The year 2020 seems to have lasted longer than any other year. Many of us sat at home for most of the year. The virus has kept us isolated and in the company of our families.
One of the things I have learned is that my house needs a lot of work. Stuff that I took at face value became urgent repair items. I realized that my house needed attention. Another issue that availed itself was that I had no opportunity to spend money. Isolation made me a thrifty shopper, and the fact that stores were all closed, and travel was restricted, made me more willing to fix what was wrong with my house.
The fact that I am 71 and not as handy as I used to be, puts me in a position where I realize how old I am and what my limitations are. I fixed any number of deficiencies with my house. I found that it was a common theme for people, and the delays in getting any kinds of materials were common. The economy turned micro, with local people recognizing a need and making the corresponding purchases. The key ingredient here is that they did it locally with local people doing the work, keeping the economy going.
There have been a plethora of things happening that make this year a year that many do not want to re-experience — Killer Hornets, riots, threats of an asteroid impact on election day, and almost any scandal possible was brought to our attention. I learned to turn off my TV and read more because some processed information was so biased and slanted that I had my fill.
It was announced that Killer Hornets were now in America, and we all had to be on the lookout. Since I was not going outside, it did not matter to me. I had an adequate supply of bee and hornet spray, and I felt I was immune to such an attack. Instead, I had the attack of the ants. I was able to find a kind of ant trap that provided the food they brought back to the nest and killed them.
I watched as they formed a line in and out of the trap to the corner of the window. Hundreds and hundreds of ants participated and thus met their doom. I witnessed the excellent ant apocalypse.
Then riots started across the US, and in many cases, I believe were made possible because there were not many people on the streets. To a great extent, there were many hoodlums on the street protesting in the name of equal rights, which had no real connection to this effort. I think the fact that the three people killed in Kenosha were felons, and it seemed odd to me that they all were felons. As a random sample of people, you see three white felons killed? The fringe of societal exclusion was on the streets, causing problems. These people used racial injustice as an excuse. I watched as an elderly black woman was pushed to the ground as people dressed in black with masks broke store windows. She wanted peaceful protests. They wanted havoc.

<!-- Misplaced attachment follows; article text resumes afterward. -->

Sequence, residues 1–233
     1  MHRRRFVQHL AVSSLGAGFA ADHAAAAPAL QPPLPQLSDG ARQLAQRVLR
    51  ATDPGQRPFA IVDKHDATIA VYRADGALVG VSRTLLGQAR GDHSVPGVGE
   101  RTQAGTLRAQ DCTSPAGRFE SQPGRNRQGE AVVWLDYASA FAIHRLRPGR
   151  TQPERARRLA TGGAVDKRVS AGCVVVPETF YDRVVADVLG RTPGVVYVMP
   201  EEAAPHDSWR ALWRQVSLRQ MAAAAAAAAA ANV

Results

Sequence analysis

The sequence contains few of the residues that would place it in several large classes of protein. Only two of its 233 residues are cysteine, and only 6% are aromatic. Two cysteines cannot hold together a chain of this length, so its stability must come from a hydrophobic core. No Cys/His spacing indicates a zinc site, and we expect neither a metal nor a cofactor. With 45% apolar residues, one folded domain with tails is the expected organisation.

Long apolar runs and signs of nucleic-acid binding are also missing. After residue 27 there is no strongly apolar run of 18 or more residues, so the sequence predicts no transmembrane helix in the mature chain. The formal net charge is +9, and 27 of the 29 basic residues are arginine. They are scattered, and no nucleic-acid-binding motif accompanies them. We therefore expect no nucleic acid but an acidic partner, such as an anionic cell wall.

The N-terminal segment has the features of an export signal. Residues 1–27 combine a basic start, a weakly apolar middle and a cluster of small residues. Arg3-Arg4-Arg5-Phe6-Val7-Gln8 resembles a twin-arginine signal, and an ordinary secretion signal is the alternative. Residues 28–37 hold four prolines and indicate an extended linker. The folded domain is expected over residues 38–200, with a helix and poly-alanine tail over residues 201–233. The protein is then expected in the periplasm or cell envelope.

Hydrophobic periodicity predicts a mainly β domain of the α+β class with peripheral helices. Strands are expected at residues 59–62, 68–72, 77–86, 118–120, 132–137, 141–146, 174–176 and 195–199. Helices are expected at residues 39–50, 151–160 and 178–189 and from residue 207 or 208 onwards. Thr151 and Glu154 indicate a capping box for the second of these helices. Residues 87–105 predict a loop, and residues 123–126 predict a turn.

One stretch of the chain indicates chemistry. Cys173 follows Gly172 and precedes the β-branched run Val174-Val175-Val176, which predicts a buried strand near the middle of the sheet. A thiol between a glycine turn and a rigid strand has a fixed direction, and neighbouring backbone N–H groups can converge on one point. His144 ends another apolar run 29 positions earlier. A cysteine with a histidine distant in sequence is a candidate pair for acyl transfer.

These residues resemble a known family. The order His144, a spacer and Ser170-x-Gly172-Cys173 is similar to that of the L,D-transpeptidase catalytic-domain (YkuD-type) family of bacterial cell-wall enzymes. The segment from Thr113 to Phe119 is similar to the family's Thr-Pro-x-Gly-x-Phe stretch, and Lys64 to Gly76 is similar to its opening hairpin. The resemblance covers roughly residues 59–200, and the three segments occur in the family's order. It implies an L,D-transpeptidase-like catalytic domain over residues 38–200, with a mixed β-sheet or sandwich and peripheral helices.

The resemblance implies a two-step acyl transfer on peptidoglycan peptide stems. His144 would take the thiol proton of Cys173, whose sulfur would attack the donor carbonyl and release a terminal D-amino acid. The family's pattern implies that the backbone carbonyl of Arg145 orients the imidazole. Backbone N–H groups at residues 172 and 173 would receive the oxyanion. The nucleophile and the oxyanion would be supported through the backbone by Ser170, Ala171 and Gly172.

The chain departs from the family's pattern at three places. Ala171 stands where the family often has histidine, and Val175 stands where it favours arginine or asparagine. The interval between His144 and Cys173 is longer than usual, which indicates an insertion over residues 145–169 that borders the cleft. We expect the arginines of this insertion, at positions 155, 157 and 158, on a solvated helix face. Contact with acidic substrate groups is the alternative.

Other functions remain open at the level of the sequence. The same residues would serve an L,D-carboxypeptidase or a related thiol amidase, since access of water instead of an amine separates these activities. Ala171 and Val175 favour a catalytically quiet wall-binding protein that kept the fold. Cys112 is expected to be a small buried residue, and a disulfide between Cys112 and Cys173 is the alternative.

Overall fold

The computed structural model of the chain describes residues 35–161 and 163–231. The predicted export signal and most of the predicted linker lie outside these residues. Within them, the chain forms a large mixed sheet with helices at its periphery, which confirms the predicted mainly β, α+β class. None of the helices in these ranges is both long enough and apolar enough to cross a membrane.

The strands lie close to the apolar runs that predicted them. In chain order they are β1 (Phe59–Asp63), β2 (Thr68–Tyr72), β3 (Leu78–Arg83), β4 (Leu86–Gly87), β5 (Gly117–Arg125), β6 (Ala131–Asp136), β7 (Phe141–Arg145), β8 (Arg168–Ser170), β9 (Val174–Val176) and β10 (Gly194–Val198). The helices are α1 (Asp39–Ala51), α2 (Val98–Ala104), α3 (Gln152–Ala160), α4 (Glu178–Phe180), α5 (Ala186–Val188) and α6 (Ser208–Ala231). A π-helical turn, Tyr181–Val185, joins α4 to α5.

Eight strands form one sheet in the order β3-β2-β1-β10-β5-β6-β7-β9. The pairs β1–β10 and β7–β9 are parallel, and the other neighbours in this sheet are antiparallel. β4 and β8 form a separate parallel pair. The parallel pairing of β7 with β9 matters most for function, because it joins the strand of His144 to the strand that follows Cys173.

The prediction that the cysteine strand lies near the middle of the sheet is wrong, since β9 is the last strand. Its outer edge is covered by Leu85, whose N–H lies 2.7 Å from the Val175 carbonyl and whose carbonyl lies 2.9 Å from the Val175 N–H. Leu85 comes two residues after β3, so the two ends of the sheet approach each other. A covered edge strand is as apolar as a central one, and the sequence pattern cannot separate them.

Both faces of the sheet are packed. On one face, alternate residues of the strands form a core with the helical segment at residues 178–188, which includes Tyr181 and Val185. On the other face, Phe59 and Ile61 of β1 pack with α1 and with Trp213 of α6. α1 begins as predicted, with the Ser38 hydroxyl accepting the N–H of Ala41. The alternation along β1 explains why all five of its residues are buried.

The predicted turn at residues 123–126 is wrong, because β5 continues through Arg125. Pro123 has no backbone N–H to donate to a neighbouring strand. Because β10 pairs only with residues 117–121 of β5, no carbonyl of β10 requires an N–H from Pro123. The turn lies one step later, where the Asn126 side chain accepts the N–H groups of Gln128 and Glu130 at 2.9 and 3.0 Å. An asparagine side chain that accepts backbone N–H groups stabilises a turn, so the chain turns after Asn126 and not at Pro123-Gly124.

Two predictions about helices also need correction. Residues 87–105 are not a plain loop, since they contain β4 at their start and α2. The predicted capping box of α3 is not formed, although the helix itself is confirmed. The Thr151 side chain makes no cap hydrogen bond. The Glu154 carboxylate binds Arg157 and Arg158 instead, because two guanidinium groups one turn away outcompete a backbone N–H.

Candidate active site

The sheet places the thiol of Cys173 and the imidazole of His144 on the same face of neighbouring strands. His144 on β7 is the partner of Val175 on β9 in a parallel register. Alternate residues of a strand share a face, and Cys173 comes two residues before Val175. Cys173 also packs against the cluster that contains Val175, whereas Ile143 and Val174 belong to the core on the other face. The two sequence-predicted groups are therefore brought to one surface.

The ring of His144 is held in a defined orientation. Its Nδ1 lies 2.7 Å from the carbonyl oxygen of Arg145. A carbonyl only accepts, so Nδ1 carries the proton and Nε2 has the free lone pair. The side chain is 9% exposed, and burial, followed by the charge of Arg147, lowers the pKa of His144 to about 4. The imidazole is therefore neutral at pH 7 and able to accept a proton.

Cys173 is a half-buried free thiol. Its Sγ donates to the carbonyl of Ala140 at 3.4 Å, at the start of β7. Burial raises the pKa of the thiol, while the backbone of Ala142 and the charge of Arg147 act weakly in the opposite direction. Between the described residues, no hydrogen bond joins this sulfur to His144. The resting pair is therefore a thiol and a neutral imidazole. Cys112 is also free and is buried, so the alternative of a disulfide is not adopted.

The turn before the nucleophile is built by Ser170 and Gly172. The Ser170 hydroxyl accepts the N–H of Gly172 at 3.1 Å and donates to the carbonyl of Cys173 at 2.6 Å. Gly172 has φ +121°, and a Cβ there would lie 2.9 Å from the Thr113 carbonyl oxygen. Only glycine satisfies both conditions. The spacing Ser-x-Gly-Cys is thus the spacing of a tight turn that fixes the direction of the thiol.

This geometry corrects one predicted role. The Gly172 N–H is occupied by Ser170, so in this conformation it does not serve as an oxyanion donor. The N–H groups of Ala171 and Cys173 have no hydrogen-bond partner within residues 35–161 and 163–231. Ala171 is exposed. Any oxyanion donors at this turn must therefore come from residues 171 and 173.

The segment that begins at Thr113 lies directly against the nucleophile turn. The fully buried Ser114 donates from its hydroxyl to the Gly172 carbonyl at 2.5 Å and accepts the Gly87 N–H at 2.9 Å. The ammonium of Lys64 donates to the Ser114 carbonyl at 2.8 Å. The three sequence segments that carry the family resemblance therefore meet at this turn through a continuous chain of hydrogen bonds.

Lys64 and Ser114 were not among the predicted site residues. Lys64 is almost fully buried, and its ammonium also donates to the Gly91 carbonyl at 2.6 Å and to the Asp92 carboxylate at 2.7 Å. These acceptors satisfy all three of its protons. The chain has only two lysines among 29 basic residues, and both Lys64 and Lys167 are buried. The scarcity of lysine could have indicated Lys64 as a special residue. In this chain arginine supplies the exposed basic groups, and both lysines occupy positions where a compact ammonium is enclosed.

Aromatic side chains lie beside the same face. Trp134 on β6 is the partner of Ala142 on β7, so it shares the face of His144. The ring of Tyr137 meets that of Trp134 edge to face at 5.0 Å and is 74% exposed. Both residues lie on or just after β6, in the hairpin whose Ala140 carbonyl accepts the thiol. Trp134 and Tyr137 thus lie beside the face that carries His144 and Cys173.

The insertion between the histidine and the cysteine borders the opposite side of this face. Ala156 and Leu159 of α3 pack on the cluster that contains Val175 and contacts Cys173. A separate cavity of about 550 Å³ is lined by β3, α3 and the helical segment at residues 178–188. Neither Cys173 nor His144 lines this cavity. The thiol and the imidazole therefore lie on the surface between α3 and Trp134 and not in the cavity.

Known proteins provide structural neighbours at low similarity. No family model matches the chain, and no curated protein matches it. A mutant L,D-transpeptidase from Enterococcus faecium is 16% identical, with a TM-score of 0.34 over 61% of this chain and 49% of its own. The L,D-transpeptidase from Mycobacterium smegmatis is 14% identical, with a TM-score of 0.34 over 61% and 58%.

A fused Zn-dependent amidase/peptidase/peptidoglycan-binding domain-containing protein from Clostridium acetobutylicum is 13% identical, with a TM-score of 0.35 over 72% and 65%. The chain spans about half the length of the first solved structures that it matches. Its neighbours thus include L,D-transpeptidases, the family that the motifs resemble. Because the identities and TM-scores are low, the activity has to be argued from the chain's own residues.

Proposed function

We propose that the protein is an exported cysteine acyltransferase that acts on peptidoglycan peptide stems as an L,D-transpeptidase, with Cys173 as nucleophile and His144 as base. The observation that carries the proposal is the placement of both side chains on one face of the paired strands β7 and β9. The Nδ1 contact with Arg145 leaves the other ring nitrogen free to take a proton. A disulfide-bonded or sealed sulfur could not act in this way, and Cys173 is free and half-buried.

By the time this column comes out, the election will be over, and the veracity of asteroid predictions will be known. I hope that we do not plunge into total darkness but instead have a close miss.
These assertations lead me to the purpose of this article. You cannot trust the information put out by the news media or social media. Truth is relative, but it should not be this relative.
Truth should have some basis other than shouting down the other side.
I am not known to be a shrinking violet and have taken issue with the “word police” as they seek to improve upon my lexicon to satisfy their needs. It was hard to restrain myself from attacking, but when a prominent member of my political party singled my posts out as invalid because I am a white male, I have to admit, I lost it. I have seen it happen to others, and they exhibited gentlemanly like responses. I am not a gentleman.
I am not a stranger to the “F” word and, in many cases, happen to be a little more well-read than most. Studying internationally recently made me more aware of the known limits of expression. I tried desperately not to respond in kind as I pointed out what I interpreted as nonsense. So, on occasion, I reverted to what my first wife called “Old Barry Syndrome” (OBS), which was much more vulgar and aggressive than the new Barry.
I think my most frustrating reveal was fact-checking. I watched that fact-checkers label as “false” assertations that were mostly true but had a small error. Something like “XYZ happened in late spring” would be labeled as false because it happened in early summer. What kind of nonsense is that? What was particularly troubling to me is the follow up by people saying it was falsely based upon that denial. Then the process of being called a Nazi or a racist followed.
I am not sure how all this will play out in the future, but my ability to process information has become much more discerning. I would go back to the seeing is believing, but even pictures and videos can be edited to constitute a fraudulent interpretation. What do you believe?
In the case of 2020, hindsight is not 20-20. I am not sure where we are headed in the last months of 2020, but I hope that things get more transparent in 2021.
Barry Cassidy is a freelance grant and economic development consultant. He can be reached at firstname.lastname@example.org.